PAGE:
Ten years ago, leaders of the 10 countries in Asean gathered in Kuala Lumpur for a summit to take stock of their efforts at economic integration.
Just two years earlier, in 2003, they had committed to declaring a region-wide economic community by 2020.
But, heartened by the progress they had made, they agreed to bring forward the deadline for a region-wide economic community by a full five years.
Today, the Asean Economic Community (AEC) - due to come into formal effect next month - is close to becoming a reality for the 625 million people of the region.
This number is larger than the populations of North America or the European Union. It also makes Asean the world's seventh-largest economy.
Why the AEC matters
Single market and production base. With a combined gross domestic product (GDP) of US$2.6 trillion (S$3.7 trillion) last year, Asean has the third-largest GDP in Asia, after China and Japan. Asean will form the world's seventh-largest economy. If growth trends continue, Asean could become the world's fourth-largest single market by 2030, after the European Union, the United States and China.
Annual growth for the whole of Asean. It is projected to average 5.4 per cent from last year to 2018. For the EU, it is around 2 per cent.
Groups of professionals to benefit. Engineers, tourism professionals, dentists, architects, surveyors, accountants, nurses and doctors will enjoy easier access to regional talent. The International Labour Organisation said demand for high-skilled workers will increase, but warned that inequality could worsen.
Member countries. They are Singapore, Malaysia, Indonesia, Thailand, Brunei, the Philippines, Vietnam, Cambodia, Laos and Myanmar. The chair nation rotates every year; this year it is Malaysia.
The percentage of Singapore's direct investment abroad in 2012 in Asean - the Republic's top investment destination. Singapore is the No. 1 investor in Myanmar, and Thailand's No. 2. Foreign revenue generated by the top 1,000 companies here by revenue rose from $149.9 billion in 2011 to $223.9 billion last year.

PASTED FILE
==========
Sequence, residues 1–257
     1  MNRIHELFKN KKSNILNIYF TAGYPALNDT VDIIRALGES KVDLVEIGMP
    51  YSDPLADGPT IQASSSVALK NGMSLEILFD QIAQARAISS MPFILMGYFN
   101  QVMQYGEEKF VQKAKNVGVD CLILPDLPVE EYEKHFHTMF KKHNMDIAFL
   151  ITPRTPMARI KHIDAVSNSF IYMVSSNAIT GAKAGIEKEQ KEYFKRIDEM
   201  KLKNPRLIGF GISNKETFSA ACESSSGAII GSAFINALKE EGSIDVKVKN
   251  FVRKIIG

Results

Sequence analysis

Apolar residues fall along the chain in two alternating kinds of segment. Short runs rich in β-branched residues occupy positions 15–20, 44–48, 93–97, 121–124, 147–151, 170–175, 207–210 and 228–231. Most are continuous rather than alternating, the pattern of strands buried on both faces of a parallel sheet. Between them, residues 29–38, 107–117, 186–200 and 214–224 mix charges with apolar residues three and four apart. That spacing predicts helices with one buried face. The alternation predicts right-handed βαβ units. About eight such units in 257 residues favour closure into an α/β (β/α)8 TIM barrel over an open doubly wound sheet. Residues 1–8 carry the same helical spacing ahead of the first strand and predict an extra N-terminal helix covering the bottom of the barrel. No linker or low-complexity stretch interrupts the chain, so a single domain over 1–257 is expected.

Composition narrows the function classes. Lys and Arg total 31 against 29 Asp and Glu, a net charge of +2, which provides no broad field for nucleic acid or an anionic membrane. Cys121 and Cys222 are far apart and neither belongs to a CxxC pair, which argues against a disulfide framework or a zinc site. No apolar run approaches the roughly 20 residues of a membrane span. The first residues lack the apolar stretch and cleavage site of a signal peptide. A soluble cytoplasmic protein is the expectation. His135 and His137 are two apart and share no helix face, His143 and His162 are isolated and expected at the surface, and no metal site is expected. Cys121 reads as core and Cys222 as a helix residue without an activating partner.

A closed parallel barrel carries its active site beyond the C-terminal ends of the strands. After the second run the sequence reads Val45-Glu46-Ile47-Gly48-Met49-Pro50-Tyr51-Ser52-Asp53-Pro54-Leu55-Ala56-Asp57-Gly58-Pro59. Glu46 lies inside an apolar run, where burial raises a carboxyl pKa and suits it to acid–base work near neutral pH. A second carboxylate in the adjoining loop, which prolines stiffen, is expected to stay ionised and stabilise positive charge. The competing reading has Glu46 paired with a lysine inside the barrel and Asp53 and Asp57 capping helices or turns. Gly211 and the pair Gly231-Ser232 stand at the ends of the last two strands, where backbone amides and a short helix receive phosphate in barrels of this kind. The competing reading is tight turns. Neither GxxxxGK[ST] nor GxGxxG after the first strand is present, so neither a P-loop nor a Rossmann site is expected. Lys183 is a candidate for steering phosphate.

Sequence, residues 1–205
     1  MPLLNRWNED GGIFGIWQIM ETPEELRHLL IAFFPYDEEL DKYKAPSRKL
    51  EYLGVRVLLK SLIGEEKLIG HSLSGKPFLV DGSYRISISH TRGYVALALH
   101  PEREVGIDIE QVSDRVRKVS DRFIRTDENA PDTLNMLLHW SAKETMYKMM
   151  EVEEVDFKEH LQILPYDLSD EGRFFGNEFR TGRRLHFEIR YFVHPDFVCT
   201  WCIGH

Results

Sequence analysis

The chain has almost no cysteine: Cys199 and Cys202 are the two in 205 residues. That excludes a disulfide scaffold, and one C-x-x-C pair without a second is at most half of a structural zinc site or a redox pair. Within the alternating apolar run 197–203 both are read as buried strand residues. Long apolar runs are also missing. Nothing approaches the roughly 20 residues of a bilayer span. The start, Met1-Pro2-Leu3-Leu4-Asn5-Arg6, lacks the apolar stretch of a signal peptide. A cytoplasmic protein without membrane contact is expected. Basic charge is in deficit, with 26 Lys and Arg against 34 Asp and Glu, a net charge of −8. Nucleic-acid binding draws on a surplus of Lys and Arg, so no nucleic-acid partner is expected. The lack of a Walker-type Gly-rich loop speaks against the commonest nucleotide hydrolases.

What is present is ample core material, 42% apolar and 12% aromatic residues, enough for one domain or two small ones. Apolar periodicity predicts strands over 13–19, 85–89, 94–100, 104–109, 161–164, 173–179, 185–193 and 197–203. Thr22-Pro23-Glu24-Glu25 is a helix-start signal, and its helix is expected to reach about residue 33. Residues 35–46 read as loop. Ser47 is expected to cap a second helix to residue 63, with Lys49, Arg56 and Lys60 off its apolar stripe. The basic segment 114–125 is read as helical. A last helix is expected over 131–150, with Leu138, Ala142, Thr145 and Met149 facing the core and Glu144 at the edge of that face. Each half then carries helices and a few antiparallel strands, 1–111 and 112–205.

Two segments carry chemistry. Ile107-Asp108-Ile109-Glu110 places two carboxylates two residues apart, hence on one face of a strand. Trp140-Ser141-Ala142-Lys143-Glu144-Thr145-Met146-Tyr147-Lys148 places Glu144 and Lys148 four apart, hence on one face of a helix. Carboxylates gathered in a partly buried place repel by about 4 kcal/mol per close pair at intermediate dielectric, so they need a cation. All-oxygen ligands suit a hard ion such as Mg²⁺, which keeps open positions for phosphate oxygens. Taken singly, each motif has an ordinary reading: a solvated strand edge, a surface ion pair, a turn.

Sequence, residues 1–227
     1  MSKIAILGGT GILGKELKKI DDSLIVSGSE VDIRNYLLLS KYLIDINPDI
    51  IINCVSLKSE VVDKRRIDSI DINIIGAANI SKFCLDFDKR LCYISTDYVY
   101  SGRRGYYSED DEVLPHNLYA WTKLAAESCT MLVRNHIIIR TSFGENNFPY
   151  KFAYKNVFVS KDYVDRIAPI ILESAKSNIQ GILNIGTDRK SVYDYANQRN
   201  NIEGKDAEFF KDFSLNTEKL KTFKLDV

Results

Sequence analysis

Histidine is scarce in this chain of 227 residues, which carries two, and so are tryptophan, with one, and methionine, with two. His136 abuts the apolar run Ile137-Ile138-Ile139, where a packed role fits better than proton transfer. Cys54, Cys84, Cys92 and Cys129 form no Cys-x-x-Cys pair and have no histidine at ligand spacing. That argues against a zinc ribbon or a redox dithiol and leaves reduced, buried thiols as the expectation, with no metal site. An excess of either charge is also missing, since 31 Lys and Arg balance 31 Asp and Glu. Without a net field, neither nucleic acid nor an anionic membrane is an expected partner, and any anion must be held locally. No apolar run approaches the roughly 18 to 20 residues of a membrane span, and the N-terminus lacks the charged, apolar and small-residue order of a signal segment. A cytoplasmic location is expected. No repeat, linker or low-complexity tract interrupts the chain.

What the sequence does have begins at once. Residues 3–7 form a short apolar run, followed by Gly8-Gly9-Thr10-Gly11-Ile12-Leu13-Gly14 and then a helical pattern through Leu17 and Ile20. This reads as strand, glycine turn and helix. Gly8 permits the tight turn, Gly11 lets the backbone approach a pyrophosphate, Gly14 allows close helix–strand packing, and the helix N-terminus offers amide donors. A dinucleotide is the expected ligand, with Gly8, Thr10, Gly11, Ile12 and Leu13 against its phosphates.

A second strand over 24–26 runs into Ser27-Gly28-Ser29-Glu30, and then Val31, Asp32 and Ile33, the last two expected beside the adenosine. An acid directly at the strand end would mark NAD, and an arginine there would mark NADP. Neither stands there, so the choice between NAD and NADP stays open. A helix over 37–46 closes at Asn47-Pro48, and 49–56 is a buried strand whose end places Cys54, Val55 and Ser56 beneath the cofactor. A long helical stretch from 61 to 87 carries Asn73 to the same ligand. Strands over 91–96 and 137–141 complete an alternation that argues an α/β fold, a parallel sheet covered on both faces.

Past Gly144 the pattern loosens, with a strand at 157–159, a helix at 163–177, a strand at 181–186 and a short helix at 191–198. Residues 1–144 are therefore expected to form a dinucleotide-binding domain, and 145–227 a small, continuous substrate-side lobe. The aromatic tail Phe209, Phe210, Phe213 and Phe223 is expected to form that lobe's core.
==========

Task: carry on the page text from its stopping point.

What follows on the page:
Years of age. Half of Asean's population was below 28.8 years of age last year, compared to 40.8 in China and 42.1 in the EU.
People. World's third- largest labour force after China and India. Asean's population is expected to hit 670 million by 2020, up from 625 million now. Number of middle-class households will more than double to 80 million in three years.
Clearly, the AEC is an extremely attractive common market and regional production base.
As barriers to the free movement of goods, services and capital gradually diminish, businesses, citizens and would-be investors - within Asean or outside - can consider South-east Asia as a whole when deciding where to invest or open a production facility.
To help this process, Asean members have agreed to cooperate more closely on a range of areas.
These aim to harmonise economic strategies in areas such as human resource development, recognition of professional qualifications, and closer consultation on macroeconomic and financial policies.
They have also agreed to enhance connectivity of infrastructure as well as communications, develop and facilitate electronic transactions, integrate industries across various countries to promote regional sourcing, and enhance private-sector involvement in the economy.
In short, the AEC will transform the Asean economy into a region with free movement of goods, services, investment and skilled labour, and freer flow of capital.
Eight groups of professions will enjoy easier access to regional talent, and professionals in these fields will be able to work in another country more freely. These are: engineers, architects, nurses, doctors, dentists, accountants, surveyors and tourism professionals.
As for investment potential, each member state has attractive characteristics for investors. Some have substantial young populations, while others have abundant natural resources and low-cost labour.
The declaration of the AEC - on schedule - is also timely.
China, the world's No. 2 economy, has seen a sharp slowdown, making investors and businesses here look for other markets to enter.
China is Singapore's largest market for non-oil domestic exports, accounting for 15 per cent last year.
Speaking at the 12th China-Asean Expo in September, then Minister of State for Trade and Industry Lee Yi Shyan pointed out that Singapore needed to stay nimble and take advantage of faster-growing markets, such as Asean, in the light of China's slowdown.
"A stable, growing and prosperous Asean is very important for our economy. In the end, we must have the ability to adjust and take advantage of markets that are growing faster," he said.
Leaders also hope that stitching the 10 member states together economically through the AEC will enhance regional cooperation in other fields, and help ensure that Asean remains relevant as big powers come courting.
Unwilling to directly confront one another over contentious issues, such as the South China Sea territorial claims, the United States and China are likely to step up bilateral engagement with Asean members to push their respective agendas, S. Rajaratnam School of International Studies researcher Angela Poh noted.
Analysts added that sharing a common economic platform, together with a growing range of shared interests in security and social cooperation, will hopefully underscore the importance of unity across Asean.